As the morning came, the other two Greenhorns came back to camp with a couple horses in tow. They claimed that a man who looked like Just Bill ran past them about five miles down the road. Of Course, they said, "It couldn't have been him, could it?

After waiting for a couple hours more, the Greenhorns broke camp and began the journey back to the ranch, believing that Just Bill had been taken by the Harpy.

As soon as the ranch came into view, the owner of the ranch rode up to see why they were all walking instead of riding their horses.

The Five Greenhorns told their harrowing tale about Just Bill being eaten by the Scabby Feathered Harpy. All because he would not give up his cowboy hat.

The owner of the ranch began to laugh. Ha! Ha! Ha!,"Just Bill finally got a taste of his own medicine. He's probably hiding behind a rock. I will ride out and see if I can spot him any where.

But alas, this tall tale does not have a happy ending. Not A Trace of Just Bill was Ever Found. The Five Greenhorns went home convinced that The Harpy had taken Just Bill to the great beyond.

After days of searching the desert, the rancher was only able to find half of Just Bill's Cowboy Hat, about a mile from the campsite.

So, Just Bill became his own Tall Tale. Three generations of Cowboys speculated as to his fate around their campfires. They carefully stowed their cowboy hats in their saddle bags at bedtime.

As for the Scabby-Feathered Harpy; Well, you will have to wait another 100 years or so to see if Just Bill was telling the truth.

Happy Halloween Everyone!

Showing comments in chronological order
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Great blog as always! Thank you. Happy Halloween. I could hear the "yips" last night. Sounded like we had a pack of them on the porch.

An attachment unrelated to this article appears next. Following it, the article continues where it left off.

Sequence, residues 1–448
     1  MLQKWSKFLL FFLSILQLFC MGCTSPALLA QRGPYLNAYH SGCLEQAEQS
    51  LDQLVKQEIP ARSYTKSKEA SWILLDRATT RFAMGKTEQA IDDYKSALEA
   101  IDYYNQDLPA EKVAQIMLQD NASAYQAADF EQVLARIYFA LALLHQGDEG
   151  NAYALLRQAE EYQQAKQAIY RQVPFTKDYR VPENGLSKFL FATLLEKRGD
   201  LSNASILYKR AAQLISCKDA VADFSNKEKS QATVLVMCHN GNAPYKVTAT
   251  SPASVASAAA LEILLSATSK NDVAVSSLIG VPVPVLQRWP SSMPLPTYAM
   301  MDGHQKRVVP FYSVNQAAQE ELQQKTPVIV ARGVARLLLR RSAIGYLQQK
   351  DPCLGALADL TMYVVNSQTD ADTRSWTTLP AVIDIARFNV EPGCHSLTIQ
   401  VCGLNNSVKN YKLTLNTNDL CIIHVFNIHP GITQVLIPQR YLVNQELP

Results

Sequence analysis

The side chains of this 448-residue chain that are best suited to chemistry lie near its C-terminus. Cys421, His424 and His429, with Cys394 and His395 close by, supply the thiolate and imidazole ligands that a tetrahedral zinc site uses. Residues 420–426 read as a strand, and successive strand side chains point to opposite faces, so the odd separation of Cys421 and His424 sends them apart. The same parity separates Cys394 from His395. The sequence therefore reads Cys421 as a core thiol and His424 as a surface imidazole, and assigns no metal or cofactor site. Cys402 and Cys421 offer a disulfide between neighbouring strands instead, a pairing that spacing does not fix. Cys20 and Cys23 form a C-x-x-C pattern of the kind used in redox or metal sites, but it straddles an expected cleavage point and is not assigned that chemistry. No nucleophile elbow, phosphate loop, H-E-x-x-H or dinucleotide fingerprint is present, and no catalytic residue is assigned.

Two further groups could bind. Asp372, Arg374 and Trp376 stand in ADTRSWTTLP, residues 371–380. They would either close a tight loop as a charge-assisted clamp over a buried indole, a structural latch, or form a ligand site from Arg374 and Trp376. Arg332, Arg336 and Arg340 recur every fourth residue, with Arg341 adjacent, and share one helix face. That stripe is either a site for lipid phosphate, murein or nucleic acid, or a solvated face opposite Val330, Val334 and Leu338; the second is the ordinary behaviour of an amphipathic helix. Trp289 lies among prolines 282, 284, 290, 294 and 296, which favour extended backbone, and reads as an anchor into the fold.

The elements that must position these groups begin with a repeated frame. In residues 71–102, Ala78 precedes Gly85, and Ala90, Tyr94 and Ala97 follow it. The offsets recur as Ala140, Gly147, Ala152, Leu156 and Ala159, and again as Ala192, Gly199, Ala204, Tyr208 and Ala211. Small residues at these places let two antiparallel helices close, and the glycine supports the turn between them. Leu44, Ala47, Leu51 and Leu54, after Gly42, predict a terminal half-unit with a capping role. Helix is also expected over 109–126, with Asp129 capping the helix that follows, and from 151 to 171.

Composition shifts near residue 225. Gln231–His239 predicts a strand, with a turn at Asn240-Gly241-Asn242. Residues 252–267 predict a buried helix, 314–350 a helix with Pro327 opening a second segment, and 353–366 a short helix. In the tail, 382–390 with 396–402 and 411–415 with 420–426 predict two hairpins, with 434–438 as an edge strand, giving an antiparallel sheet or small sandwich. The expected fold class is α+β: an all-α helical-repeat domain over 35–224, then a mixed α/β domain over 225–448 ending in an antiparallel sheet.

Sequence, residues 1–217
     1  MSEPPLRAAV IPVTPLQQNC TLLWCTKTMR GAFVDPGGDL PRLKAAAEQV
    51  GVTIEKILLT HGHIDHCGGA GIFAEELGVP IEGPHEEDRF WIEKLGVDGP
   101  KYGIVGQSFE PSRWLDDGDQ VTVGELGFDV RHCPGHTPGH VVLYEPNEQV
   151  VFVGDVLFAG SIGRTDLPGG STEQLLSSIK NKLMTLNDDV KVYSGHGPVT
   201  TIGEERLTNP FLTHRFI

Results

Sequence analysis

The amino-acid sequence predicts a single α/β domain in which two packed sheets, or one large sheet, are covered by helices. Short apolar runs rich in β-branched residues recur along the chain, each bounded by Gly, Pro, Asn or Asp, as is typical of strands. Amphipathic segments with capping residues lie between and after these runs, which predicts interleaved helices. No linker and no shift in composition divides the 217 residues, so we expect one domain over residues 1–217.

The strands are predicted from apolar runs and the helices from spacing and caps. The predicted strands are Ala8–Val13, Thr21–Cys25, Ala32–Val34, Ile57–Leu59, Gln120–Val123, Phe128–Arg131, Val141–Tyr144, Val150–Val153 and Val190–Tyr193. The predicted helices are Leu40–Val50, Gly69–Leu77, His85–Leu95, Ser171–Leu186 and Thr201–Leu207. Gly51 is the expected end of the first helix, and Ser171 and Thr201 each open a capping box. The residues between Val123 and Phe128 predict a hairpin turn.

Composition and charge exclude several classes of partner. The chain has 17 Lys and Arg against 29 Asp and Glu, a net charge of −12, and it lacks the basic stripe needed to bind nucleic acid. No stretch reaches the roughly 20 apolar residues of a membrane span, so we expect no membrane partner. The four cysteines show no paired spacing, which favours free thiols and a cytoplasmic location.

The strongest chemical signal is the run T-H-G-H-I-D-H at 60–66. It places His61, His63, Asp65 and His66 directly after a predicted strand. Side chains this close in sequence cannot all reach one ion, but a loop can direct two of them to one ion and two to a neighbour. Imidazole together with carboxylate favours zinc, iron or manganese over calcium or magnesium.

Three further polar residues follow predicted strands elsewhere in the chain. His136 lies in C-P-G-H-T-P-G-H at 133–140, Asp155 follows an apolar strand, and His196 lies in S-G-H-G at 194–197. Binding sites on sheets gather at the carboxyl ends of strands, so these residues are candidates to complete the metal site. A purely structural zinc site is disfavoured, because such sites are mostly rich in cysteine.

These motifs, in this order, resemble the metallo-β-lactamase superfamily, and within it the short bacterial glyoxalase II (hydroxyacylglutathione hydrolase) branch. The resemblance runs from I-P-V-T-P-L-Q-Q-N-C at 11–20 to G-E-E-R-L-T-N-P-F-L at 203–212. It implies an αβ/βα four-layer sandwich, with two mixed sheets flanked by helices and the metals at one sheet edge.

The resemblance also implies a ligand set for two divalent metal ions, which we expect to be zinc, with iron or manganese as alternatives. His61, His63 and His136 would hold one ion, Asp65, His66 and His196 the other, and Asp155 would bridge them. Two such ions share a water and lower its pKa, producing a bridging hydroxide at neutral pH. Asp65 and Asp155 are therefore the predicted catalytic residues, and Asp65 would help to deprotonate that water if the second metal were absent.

-- Posted by OpinionMissy on Thu, Nov 1, 2012, at 11:48 AM

This is based on a family story that actually happened when my brothers were small.

The bird part swooping down and the horses scattering. Dad and my uncles trying to contain the chaos. And yes, they had told a tall tale at the campfire that night.

I appreciate your comments always

-- Posted by KH Gal on Thu, Nov 1, 2012, at 1:50 PM

I love your stories. The best stories are those that are handed down. Horses scattering and chaos---been there, done that.

Take care KH Gal.

-- Posted by OpinionMissy on Thu, Nov 1, 2012, at 1:59 PM

I love that story....can remember hearing all kinds of such things. Thanks for sharing

-- Posted by jessiemiller on Thu, Nov 1, 2012, at 6:00 PM

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Walking the Fence Line
Bonnie Bird
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Fixing fence is the one of the hardest jobs on a ranch. I no longer live on a ranch, but I do know what hard work is. Fences are everyone's concern, but nowadays,the "hole" is always your neighbor's side not your own. It used to be that you would respect your neighbor and mend the fence together. If their cows got in your field, a simple phone call resolved the problem. You might even saddle up your own horse and help them gather them up. We need more people who are willing to roll their sleeves up and fix the fence regardless of who your neighbor is. There are people in this country who need to be reminded that a fence is like the way you should conduct your life. Your posts should be straight and neat. The wire needs to be stretched tight and your gate might be closed, but can still be easily opened. And most of all, we can all saddle up together and ride the range, it won't matter if you have an Appaloosa, Quarter Horse or Thoroughbred. The cows still have to be gathered, fences have to be fixed, and the range is a wide open space of opportunity for us all.